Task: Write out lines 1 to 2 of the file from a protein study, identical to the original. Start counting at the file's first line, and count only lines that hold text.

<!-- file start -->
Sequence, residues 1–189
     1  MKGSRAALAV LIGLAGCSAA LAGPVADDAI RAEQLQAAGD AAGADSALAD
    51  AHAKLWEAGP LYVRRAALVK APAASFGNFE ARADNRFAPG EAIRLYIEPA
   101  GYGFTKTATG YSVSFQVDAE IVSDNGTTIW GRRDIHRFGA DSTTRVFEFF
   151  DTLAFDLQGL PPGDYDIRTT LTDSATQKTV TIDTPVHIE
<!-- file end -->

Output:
Sequence, residues 1–189
     1  MKGSRAALAV LIGLAGCSAA LAGPVADDAI RAEQLQAAGD AAGADSALAD